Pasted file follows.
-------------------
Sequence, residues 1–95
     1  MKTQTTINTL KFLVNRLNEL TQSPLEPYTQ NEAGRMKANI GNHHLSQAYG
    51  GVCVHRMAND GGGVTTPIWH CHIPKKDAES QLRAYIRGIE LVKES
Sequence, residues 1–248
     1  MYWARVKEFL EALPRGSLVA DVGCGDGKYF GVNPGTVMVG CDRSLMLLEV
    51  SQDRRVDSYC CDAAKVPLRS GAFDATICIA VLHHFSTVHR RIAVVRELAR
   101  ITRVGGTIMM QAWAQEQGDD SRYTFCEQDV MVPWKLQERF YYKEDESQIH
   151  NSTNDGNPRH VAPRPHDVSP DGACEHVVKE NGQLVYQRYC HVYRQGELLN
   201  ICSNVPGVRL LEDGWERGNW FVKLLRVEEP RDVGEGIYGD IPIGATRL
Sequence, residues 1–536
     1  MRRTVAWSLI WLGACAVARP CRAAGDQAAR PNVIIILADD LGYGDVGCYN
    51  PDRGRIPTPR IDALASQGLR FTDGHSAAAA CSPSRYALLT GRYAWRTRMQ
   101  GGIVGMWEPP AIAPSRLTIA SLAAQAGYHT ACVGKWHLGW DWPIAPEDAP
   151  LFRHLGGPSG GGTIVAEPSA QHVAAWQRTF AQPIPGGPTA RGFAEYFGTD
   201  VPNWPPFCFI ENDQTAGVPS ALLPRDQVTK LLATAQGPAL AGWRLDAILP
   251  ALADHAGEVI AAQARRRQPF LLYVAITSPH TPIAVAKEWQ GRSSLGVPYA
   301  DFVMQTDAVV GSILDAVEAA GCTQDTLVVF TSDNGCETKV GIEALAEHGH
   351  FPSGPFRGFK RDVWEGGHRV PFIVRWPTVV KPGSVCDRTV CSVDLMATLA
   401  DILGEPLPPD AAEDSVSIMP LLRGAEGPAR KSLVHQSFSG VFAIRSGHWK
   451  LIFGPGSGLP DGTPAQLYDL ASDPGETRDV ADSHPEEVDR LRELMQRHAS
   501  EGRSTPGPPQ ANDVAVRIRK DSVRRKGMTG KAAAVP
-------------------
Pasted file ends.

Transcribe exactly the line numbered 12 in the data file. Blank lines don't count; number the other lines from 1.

    51  PDRGRIPTPR IDALASQGLR FTDGHSAAAA CSPSRYALLT GRYAWRTRMQ